Ulysses

Ulysses

by Alfred Lord Tennyson

It little profits that an idle king,
By this still hearth, among these barren crags,
Match’d with an aged wife, I mete and dole
Unequal laws unto a savage race,
That hoard, and sleep, and feed, and know not me.
I cannot rest from travel: I will drink
Life to the lees: All times I have enjoy’d
Greatly, have suffer’d greatly, both with those
That loved me, and alone, on shore, and when
Thro’ scudding drifts the rainy Hyades
Vext the dim sea: I am become a name;
For always roaming with a hungry heart
Much have I seen and known; cities of men
And manners, climates, councils, governments,
Myself not least, but honour’d of them all;
And drunk delight of battle with my peers,
Far on the ringing plains of windy Troy.
I am a part of all that I have met;
Yet all experience is an arch wherethro’
Gleams that untravell’d world whose margin fades
For ever and forever when I move.
How dull it is to pause, to make an end,
To rust unburnish’d, not to shine in use!
As tho’ to breathe were life! Life piled on life
Were all too little, and of one to me
Little remains: but every hour is saved
From that eternal silence, something more,
A bringer of new things; and vile it were
For some three suns to store and hoard myself,
And this gray spirit yearning in desire
To follow knowledge like a sinking star,
Beyond the utmost bound of human thought.

This is my son, mine own Telemachus,
To whom I leave the sceptre and the isle,—
Well-loved of me, discerning to fulfil
This labour, by slow prudence to make mild
A rugged people, and thro’ soft degrees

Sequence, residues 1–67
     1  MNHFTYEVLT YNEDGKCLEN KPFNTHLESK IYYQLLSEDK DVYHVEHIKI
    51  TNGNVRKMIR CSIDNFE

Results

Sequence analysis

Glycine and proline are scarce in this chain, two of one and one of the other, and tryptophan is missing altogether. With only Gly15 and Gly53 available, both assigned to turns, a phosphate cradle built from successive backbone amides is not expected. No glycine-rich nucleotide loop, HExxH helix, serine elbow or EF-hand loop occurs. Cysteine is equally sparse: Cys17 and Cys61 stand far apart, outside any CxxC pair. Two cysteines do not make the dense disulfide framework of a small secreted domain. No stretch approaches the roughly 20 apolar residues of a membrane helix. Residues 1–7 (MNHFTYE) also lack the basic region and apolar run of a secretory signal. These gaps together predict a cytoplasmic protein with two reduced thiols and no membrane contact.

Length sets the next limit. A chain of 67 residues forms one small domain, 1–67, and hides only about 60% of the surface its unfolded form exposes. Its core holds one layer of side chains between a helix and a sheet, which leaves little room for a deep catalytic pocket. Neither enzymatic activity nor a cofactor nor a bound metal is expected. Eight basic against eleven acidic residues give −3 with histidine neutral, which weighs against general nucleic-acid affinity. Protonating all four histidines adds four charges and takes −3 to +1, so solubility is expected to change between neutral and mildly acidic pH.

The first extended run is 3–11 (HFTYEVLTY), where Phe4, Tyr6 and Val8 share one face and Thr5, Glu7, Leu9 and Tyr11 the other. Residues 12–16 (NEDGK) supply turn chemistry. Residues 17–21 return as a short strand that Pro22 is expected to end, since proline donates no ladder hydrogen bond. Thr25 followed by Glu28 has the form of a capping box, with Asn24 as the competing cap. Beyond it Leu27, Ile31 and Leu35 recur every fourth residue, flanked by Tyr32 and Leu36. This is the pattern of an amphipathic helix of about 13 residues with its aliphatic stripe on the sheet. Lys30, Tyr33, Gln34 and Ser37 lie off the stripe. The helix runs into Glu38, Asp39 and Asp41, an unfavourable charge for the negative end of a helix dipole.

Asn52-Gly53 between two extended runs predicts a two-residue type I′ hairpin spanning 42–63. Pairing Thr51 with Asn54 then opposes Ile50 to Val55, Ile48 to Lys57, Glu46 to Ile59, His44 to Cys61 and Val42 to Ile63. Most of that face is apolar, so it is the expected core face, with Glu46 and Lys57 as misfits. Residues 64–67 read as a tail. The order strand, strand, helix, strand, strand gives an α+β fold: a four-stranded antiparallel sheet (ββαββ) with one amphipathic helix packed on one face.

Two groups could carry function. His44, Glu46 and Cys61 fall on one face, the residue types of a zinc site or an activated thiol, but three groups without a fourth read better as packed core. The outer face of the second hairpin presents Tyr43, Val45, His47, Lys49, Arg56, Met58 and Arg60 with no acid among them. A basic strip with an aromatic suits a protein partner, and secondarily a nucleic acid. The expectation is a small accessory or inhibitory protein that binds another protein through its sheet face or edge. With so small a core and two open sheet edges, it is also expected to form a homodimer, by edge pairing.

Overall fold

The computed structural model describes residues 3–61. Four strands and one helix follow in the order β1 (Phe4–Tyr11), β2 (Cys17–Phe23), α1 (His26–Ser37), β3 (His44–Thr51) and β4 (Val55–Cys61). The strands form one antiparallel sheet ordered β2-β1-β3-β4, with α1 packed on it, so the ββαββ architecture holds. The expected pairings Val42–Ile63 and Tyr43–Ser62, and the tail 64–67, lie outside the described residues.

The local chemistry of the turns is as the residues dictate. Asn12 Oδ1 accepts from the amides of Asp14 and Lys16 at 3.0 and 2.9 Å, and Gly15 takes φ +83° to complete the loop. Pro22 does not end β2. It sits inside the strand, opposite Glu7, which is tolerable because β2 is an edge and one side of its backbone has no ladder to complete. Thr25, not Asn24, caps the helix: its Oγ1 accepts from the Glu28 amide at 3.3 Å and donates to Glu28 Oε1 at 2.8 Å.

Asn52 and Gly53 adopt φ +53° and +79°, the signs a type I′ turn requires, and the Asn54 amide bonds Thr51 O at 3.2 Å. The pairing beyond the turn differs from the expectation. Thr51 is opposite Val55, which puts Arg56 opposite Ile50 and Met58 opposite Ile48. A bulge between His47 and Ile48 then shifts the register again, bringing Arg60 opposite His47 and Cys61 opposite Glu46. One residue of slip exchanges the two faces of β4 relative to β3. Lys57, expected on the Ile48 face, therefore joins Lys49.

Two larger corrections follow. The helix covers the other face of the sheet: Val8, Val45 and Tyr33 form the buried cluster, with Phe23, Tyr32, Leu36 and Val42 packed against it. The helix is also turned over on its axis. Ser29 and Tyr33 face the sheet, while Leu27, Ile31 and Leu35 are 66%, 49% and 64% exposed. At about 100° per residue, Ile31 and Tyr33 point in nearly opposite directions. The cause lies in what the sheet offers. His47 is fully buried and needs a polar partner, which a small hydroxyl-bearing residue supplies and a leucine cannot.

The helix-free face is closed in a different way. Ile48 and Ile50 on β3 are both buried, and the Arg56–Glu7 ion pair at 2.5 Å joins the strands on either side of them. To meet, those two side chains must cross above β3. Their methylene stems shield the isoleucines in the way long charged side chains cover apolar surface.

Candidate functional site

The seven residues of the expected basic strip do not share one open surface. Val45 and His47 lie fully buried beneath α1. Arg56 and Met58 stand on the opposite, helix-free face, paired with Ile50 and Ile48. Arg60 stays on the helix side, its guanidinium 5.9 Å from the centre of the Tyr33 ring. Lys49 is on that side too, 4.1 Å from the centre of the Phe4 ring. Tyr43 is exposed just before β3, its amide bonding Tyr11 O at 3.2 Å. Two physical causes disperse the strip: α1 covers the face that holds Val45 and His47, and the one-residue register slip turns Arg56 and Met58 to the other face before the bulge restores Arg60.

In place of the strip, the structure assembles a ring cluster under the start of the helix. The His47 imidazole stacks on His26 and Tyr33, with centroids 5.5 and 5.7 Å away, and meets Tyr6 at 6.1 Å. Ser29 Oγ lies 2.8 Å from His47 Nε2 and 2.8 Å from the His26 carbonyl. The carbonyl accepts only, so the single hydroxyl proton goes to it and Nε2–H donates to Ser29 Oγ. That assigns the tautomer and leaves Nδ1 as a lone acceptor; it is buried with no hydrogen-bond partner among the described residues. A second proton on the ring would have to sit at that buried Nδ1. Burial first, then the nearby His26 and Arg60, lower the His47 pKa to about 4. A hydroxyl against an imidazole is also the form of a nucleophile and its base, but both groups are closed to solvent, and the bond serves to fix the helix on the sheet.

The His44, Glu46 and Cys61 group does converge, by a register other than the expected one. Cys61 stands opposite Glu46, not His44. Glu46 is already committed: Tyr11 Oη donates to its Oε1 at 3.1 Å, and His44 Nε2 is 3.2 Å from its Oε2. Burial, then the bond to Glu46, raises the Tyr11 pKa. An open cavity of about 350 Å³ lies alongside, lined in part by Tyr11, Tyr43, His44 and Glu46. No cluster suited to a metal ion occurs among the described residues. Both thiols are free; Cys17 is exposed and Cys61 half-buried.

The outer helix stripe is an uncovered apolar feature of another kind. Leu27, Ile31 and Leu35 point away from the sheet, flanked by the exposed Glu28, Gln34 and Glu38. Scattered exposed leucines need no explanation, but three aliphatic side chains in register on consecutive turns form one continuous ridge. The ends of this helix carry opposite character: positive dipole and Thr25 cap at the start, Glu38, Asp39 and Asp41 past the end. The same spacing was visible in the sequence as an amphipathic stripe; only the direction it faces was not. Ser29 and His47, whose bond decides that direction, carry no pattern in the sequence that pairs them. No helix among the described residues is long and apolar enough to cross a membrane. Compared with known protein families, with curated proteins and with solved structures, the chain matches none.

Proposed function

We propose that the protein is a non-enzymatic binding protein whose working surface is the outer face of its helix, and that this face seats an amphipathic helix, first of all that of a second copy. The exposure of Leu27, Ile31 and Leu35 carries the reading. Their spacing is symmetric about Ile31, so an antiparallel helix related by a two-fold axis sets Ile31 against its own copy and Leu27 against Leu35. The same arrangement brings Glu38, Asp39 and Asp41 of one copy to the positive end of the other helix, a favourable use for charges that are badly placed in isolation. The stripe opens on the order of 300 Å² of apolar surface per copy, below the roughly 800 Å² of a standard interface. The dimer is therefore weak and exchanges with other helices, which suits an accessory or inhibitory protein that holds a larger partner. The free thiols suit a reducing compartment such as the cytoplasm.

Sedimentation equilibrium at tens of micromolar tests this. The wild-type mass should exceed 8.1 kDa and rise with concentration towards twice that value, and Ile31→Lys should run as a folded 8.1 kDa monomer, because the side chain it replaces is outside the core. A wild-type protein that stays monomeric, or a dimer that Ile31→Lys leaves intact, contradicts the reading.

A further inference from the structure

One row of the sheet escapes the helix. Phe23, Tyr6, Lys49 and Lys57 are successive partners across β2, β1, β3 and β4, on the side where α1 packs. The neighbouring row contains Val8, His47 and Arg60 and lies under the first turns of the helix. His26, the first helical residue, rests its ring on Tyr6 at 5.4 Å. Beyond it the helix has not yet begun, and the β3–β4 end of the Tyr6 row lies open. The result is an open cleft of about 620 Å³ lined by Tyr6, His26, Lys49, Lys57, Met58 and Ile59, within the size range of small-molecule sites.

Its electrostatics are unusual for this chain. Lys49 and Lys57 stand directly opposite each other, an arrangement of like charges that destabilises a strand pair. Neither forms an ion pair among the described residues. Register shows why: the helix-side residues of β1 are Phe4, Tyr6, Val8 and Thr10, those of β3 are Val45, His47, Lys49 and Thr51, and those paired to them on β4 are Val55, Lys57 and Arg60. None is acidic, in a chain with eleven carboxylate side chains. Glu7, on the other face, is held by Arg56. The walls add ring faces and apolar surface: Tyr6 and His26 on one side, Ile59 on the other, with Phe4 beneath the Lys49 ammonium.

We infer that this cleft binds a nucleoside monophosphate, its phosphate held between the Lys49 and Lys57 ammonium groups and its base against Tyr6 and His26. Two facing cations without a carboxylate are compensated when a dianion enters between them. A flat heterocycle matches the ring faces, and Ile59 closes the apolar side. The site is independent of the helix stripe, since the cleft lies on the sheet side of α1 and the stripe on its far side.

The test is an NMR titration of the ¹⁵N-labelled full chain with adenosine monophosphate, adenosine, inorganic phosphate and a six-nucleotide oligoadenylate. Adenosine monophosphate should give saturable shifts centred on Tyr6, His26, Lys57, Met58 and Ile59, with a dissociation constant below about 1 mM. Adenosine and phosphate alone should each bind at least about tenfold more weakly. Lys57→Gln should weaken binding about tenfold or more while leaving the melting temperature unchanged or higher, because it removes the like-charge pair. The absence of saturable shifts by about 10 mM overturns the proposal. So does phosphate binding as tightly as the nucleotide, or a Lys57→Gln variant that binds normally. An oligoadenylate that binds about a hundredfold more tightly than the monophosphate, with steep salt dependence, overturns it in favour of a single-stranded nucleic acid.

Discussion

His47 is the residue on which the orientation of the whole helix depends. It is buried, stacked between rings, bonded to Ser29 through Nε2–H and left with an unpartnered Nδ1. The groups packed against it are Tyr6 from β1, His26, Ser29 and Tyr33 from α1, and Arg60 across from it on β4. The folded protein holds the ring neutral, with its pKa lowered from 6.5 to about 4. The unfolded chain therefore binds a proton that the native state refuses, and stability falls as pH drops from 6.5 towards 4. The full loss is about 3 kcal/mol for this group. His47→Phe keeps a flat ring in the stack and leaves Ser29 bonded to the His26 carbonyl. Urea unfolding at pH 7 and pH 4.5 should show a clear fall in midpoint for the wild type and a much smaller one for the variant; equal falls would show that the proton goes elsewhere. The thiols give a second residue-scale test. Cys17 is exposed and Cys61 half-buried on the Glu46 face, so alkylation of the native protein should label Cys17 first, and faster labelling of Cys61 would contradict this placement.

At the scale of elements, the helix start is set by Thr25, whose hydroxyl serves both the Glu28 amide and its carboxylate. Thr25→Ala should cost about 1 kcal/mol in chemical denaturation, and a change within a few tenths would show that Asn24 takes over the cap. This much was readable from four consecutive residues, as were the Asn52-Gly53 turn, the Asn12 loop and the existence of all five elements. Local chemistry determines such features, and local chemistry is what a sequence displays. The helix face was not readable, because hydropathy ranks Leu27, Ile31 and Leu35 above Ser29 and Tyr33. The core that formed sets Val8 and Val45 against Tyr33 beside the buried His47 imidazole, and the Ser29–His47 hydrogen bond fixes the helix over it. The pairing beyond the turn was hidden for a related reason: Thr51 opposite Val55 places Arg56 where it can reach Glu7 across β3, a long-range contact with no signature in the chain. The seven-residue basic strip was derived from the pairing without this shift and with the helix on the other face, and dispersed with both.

Subdue them to the useful and the good.
Most blameless is he, centred in the sphere
Of common duties, decent not to fail
In offices of tenderness, and pay
Meet adoration to my household gods,
When I am gone. He works his work, I mine.

There lies the port; the vessel puffs her sail:
There gloom the dark, broad seas. My mariners,
Souls that have toil’d, and wrought, and thought with me—
That ever with a frolic welcome took
The thunder and the sunshine, and opposed
Free hearts, free foreheads—you and I are old;
Old age hath yet his honour and his toil;
Death closes all: but something ere the end,
Some work of noble note, may yet be done,
Not unbecoming men that strove with Gods.
The lights begin to twinkle from the rocks:
The long day wanes: the slow moon climbs: the deep
Moans round with many voices. Come, my friends,
‘T is not too late to seek a newer world.
Push off, and sitting well in order smite
The sounding furrows; for my purpose holds
To sail beyond the sunset, and the baths
Of all the western stars, until I die.
It may be that the gulfs will wash us down:
It may be we shall touch the Happy Isles,
And see the great Achilles, whom we knew.
Tho’ much is taken, much abides; and tho’
We are not now that strength which in old days
Moved earth and heaven, that which we are, we are;
One equal temper of heroic hearts,
Made weak by time and fate, but strong in will
To strive, to seek, to find, and not to yield.

Summary of Ulysses

  • Popularity of “Ulysses”: Alfred Lord Tennyson, one of the greatest British poets, wrote Ulysses. It is a dramatic monologue. It was first published in 1842. The poem speaks about Ulysses as an ambitious man. He dissatisfied and bored with his life on the island of Ithaca. The poem also illustrates how the search for new lands and the process of exploring give him immense pleasure. Its popularity, however, lies in that it deals with the phenomenon of a life and man’s search for meanings.